Dear Diary

A Holon gallery exposes the deeply personal

By ARIEL DOMINIQUE HENDELMAN
April 22, 2018 21:06
Dear Diary

The pages by the iconic Naomi Shemer reveal a funny poem for her husband, as well as the last song she ever composed – about Israeli astronaut Ilan Ramon. (photo credit: COURTESY SHEMER-HOROWITZ FAMILY)

 
X

Dear Reader,
As you can imagine, more people are reading The Jerusalem Post than ever before. Nevertheless, traditional business models are no longer sustainable and high-quality publications, like ours, are being forced to look for new ways to keep going. Unlike many other news organizations, we have not put up a paywall. We want to keep our journalism open and accessible and be able to keep providing you with news and analyses from the frontlines of Israel, the Middle East and the Jewish World.

As one of our loyal readers, we ask you to be our partner.

For $5 a month you will receive access to the following:

  • A user experience almost completely free of ads
  • Access to our Premium Section
  • Content from the award-winning Jerusalem Report and our monthly magazine to learn Hebrew - Ivrit
  • A brand new ePaper featuring the daily newspaper as it appears in print in Israel

Help us grow and continue telling Israel’s story to the world.

Thank you,

Ronit Hasin-Hochman, CEO, Jerusalem Post Group
Yaakov Katz, Editor-in-Chief

UPGRADE YOUR JPOST EXPERIENCE FOR 5$ PER MONTH Show me later Don't show it again

The Meirov House Gallery in Holon is currently host to an innovative and radical exhibition (until May 20). Titled “My Dear Diary,” the exhibition explores the concept of a diary in a multitude of ways, with various artists and media. Curator Guy Morag Tsapilevich sat down with The Jerusalem Post to discuss diary pages, plain notebooks and dreams versus reality.

How did “My Dear Diary” come about? It’s such a unique idea for an exhibition.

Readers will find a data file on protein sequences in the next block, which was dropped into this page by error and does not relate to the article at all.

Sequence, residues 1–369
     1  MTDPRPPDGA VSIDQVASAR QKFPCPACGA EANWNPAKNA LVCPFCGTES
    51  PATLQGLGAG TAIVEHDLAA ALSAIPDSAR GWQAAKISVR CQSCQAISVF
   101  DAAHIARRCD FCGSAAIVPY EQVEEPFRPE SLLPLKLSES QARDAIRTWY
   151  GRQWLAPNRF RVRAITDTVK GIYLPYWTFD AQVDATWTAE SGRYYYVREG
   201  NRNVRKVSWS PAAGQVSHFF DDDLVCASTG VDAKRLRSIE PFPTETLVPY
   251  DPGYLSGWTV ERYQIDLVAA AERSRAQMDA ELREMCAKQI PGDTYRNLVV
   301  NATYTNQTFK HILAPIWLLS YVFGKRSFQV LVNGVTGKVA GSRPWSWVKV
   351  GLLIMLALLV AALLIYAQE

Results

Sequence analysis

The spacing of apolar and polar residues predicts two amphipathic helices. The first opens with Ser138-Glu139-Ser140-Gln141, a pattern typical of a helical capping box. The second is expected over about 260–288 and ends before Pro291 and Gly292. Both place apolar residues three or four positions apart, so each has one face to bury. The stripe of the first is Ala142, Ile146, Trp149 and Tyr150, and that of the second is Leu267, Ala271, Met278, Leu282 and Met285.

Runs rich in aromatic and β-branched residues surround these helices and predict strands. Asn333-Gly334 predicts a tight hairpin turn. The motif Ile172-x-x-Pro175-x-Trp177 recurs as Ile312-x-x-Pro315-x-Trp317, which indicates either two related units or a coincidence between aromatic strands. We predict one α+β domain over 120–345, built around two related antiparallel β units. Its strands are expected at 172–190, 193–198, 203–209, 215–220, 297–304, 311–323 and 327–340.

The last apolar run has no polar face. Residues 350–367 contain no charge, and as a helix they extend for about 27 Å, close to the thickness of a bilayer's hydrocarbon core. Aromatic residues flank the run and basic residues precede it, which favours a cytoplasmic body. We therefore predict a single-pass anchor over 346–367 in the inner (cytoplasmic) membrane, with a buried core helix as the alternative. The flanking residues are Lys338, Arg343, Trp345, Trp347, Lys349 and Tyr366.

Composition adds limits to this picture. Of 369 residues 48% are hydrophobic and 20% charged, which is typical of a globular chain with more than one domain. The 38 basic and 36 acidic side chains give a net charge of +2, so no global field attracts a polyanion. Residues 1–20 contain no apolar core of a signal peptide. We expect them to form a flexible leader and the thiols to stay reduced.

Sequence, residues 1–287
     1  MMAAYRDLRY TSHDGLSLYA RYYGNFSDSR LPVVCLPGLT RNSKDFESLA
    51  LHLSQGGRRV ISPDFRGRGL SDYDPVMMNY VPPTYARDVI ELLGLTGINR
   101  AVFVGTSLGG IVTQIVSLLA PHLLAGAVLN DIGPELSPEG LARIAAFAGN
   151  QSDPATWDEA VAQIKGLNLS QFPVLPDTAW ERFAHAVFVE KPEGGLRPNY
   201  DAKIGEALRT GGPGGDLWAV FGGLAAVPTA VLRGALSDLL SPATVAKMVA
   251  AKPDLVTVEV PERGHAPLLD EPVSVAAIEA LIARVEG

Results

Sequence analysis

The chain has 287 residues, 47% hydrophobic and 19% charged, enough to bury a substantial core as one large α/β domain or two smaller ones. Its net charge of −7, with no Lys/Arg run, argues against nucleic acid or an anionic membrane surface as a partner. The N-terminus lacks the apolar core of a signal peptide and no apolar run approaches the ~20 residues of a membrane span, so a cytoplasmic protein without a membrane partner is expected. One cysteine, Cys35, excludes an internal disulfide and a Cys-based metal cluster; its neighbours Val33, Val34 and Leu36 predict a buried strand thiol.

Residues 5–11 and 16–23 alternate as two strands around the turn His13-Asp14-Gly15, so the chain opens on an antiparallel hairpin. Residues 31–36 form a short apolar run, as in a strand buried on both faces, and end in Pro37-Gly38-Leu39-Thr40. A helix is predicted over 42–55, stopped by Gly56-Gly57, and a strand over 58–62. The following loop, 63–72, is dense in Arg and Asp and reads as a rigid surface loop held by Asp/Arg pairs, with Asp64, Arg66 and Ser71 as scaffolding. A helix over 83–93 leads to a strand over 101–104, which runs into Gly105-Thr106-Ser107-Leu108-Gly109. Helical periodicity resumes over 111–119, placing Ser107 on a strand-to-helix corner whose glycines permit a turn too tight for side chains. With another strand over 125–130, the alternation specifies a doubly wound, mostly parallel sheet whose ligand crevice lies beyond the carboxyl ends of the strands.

Be the first to know - Join our Facebook page.


I’ve been working in Holon for the past seven years as a freelance curator. Each year, I offer them a few exhibitions. This one started when I was visiting a few artists and I saw visual diaries that they created, covering a specific period of time, or talking about private matters. Then I started looking for other artists who created diaries and as I always try to give as many sides to an exhibition as I can, I divided the exhibition into five parts. They are: visual diaries, the diary as a concept, cover designs for diaries, personal diaries of well-known culture and society people, and diaries created by Israeli and international artists as part of an ongoing project of mine called The Plain Notebook.

In the first category, there is my wife’s work, who is a well-known artist in her own right... She made a diary in 2003, which is all drawings with captions. Of course there are other artists as well, like Maya Aton, who created a selection of pencil drawings over the past year, to mark the 200th anniversary of the publication of Frankenstein by Mary Shelley. There are many different artists and many kinds of work.

In terms of the personal diaries, you were able to encourage people to expose something so personal to the world?

One of the concepts of the diary is that outsiders are not supposed to read it. It’s like a peeping sensation when you look at someone else’s diary. So I contacted some people who I hoped would agree and asked them to display their diaries, open to one specific page, which we decided on together. Here we are talking about Naomi Shemer, Nana Schreier [owner of Tel Aviv’s celebrated vegan restaurant and bar Nanuchka], and Varda Raziel Jacont [a famous radio psychologist].